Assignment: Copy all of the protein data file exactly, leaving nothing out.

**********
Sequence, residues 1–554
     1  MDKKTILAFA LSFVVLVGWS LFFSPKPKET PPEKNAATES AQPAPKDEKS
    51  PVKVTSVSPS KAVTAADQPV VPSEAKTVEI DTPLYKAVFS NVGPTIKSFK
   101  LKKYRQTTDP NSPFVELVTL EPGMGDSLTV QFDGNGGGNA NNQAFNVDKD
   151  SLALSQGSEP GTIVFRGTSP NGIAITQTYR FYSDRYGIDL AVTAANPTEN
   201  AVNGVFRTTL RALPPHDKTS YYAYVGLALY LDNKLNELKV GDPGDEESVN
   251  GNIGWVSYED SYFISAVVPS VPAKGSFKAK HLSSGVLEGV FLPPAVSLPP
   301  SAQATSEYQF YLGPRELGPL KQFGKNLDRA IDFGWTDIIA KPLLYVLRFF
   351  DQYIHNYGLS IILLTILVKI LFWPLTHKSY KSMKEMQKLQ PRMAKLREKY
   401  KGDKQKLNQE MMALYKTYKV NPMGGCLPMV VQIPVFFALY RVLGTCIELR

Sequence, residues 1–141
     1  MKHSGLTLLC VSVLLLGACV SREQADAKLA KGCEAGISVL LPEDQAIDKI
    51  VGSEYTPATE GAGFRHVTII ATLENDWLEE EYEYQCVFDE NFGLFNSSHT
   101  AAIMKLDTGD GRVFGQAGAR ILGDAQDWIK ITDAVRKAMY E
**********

Sequence, residues 1–554
     1  MDKKTILAFA LSFVVLVGWS LFFSPKPKET PPEKNAATES AQPAPKDEKS
    51  PVKVTSVSPS KAVTAADQPV VPSEAKTVEI DTPLYKAVFS NVGPTIKSFK
   101  LKKYRQTTDP NSPFVELVTL EPGMGDSLTV QFDGNGGGNA NNQAFNVDKD
   151  SLALSQGSEP GTIVFRGTSP NGIAITQTYR FYSDRYGIDL AVTAANPTEN
   201  AVNGVFRTTL RALPPHDKTS YYAYVGLALY LDNKLNELKV GDPGDEESVN
   251  GNIGWVSYED SYFISAVVPS VPAKGSFKAK HLSSGVLEGV FLPPAVSLPP
   301  SAQATSEYQF YLGPRELGPL KQFGKNLDRA IDFGWTDIIA KPLLYVLRFF
   351  DQYIHNYGLS IILLTILVKI LFWPLTHKSY KSMKEMQKLQ PRMAKLREKY
   401  KGDKQKLNQE MMALYKTYKV NPMGGCLPMV VQIPVFFALY RVLGTCIELR

Sequence, residues 1–141
     1  MKHSGLTLLC VSVLLLGACV SREQADAKLA KGCEAGISVL LPEDQAIDKI
    51  VGSEYTPATE GAGFRHVTII ATLENDWLEE EYEYQCVFDE NFGLFNSSHT
   101  AAIMKLDTGD GRVFGQAGAR ILGDAQDWIK ITDAVRKAMY E